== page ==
Poetry Santa Cruz
Poetry Santa Cruz

New York Poets in the Aftermath of September 11, 2001
Jack Anderson and Penny Cagan in Conversation

Jack Anderson, dance critic for the New York Times and respected poet, and Penny Cagan, a poet whose first book she describes as a love letter to New York City, met recently to discuss the events of September 11 and how they have been affected personally and as writers. Anderson and Cagan will read their work and answer questions at Louden Nelson Community Center on Tuesday, October 30 at 7:30 p.m.

JA: My partner George and I had returned from a vacation in Europe the evening before September 11th. We took the airport bus home and riding down the West Side Highway we saw the wonderful view of the city, and of course, the World Trade Center in the skyline, and little did we know it would be for the last time. The next morning I was unpacking from our trip when George said an airplane had hit the World Trade Center. We ran outside and from the street we could see the towers burning and watched them ultimately crash. The word I keep using about all this is surreal. It was surreal because despite the fact that there was all this consternation and fear in the world, it was a really nice autumn day and there was an unsettling contrast between this difficult event and the niceness of the day itself.

PC: It truly was a lovely early fall day -- thank you, Jack, for reminding me of that. I worked downtown at One Liberty Plaza directly across from the World Trade Center and I was there when this all unfolded. I stood for a while across the street from the burning towers, transfixed with hundreds of others, and it was like you couldn't take your eyes off of it -- and it never occurred to me, or anyone, to leave the area, that the towers could ever come down. But it is like I was watching a silent film because I was never able to process the sensory details and I heard no sound, felt no shaking of the ground, smelled no acrid smoke at the time. I just stood and watched. I am still trying to remember how I got home that day.

JA: I certainly have not written anything about the events. I don't know if I ever will. Throughout my writing career I have referred to things in my personal life such as the death of my parents and other changing events in order to make a stronger literary or artistic point but I have never been a confessional poet -- so my writing is only seldom directly autobiographical. One worry I have is that writers are going to be so legitimately shaken by the events that they are going to start gushing forth with appalling stuff in response and little magazine editors will be inundated with this kind of unformed material. We saw this happen decades ago when a whole slew of poems came out in response to the death of President Kennedy.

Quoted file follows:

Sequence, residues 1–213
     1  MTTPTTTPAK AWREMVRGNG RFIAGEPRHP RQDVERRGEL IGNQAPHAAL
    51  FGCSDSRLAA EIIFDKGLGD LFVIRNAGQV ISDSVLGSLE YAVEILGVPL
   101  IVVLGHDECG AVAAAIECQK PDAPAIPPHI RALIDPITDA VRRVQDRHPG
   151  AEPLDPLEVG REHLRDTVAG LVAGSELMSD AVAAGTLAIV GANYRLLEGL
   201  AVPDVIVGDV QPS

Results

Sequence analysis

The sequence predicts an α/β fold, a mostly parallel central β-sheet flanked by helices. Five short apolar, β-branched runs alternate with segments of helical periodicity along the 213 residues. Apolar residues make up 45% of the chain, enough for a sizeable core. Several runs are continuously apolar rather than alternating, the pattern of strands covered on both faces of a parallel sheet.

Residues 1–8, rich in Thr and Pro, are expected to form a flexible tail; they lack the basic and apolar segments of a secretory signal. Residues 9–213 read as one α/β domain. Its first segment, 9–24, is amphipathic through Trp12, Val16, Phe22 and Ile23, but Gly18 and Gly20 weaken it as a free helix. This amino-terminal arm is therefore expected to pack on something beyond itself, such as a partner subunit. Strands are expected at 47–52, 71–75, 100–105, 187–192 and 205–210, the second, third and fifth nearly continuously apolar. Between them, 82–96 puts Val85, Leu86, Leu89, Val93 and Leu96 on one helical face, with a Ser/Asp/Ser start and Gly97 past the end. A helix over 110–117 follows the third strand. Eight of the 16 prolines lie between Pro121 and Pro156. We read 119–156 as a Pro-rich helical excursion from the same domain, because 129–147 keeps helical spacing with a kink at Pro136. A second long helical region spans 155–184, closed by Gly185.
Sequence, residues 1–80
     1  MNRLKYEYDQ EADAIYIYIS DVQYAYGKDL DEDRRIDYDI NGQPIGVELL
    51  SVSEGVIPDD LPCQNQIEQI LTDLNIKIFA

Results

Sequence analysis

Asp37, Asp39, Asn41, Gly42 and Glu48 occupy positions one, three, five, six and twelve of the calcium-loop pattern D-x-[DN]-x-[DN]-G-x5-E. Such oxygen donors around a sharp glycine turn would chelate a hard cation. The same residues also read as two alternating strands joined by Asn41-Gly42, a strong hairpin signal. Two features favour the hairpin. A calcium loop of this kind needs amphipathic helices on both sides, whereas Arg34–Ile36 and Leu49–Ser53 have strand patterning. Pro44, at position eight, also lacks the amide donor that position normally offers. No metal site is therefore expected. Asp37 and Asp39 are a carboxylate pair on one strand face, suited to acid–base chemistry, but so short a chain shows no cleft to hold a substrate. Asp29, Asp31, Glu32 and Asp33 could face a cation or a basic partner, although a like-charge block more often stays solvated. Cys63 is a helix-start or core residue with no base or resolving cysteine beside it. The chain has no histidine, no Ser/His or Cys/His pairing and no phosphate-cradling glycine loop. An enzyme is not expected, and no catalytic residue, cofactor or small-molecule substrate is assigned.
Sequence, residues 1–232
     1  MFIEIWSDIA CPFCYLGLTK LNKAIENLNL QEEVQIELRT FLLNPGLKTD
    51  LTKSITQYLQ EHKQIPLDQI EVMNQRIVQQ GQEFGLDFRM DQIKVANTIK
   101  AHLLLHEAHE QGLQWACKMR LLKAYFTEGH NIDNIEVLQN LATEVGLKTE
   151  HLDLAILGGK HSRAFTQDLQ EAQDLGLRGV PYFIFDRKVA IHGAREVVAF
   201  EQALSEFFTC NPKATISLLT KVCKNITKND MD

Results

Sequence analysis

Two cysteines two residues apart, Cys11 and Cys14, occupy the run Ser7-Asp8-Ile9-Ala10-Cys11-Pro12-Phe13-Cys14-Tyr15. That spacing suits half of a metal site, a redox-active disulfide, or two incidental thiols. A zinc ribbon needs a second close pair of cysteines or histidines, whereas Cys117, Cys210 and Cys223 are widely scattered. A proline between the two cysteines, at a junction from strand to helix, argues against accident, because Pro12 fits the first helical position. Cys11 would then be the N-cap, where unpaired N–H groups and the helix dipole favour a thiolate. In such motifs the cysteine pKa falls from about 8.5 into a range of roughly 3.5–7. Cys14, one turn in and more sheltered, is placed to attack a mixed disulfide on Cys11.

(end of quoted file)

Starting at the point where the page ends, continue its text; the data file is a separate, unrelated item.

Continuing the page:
PC: Unlike Jack I do think of myself as a type of "confessional poet" but always aim to make the personal larger as I believe the best "confessionals" did. I have drafted a few poems about the events of September 11th but am not yet able to go back to them and work through the necessary edits and drafts. I fear my efforts might be of the sort Jack refers to that came out after the death of President Kennedy.

JA: After World War II, several German and Polish poets asked if it were possible to go on and write poems, in other words, if it were possible to write poems after such tragic events, after Auschwitz.

PC: I am not sure how to respond as a "writer" or as a citizen of this nation or city. To be honest, I have no idea how to respond in general. The only legitimate response was to help others who were harmed more than me: a friend who lost his brother, or another friend who lived near the trade center and needed help with cleaning her apartment.

JA: Some cultural pundits have wondered if we can have irony or frivolity in literature again and my own answer would be yes -- if those are the gifts the poet had to begin with. In some ways to be too solemn is to be defeated by the horror of the event. It is not wise or tactful to do cynical work or to wallow in too much sentiment either. Some of the work I write is funny and I propose to read some of that in Santa Cruz, but will not be too unduly frivolous either. Ultimately I think a writer or poet should respond to all the kinds of experiences there are in the world.
It is interesting to learn that some people think there is a resurgence of interest in poetry. There has also been a resurgence of interest in music -- the New York Philharmonic piped a performance of Brahms' Requiem into the plaza at Lincoln Center and an enormous crowd came out to listen after the events of September 11. This is a sign that the arts are important and among the things that are at the heart of lives -- people are seeking healing and meaning and some kind of contact or reunion with powers of goodness that are beyond the merely personal.

PC: The participation in arts -- whether poetry or music -- creates a communal experience and as Jack says, people are seeking meaning in something that is larger than their own lives. Jack, have you considered leaving New York City?

JA: My answer to that question is adamantly no -- I love New York. Although I am a city person and there are other cities I could happily live in and do not like to think of myself as a snobbish New Yorker, I see no reason to leave right now.

PC: In fact, I love to think of myself as a snobbish New Yorker, and would also never consider leaving. I am one of those out-of-towners who has perhaps reinvented myself as a die-hard New Yorker. This is my home and I made up my mind a long time ago that I was never leaving, and I have not changed my mind on that matter since September 11th.

Jack Anderson and Penny Cagan will read at Louden Nelson Community Center, October 30, 2001, at 7:30 p.m.

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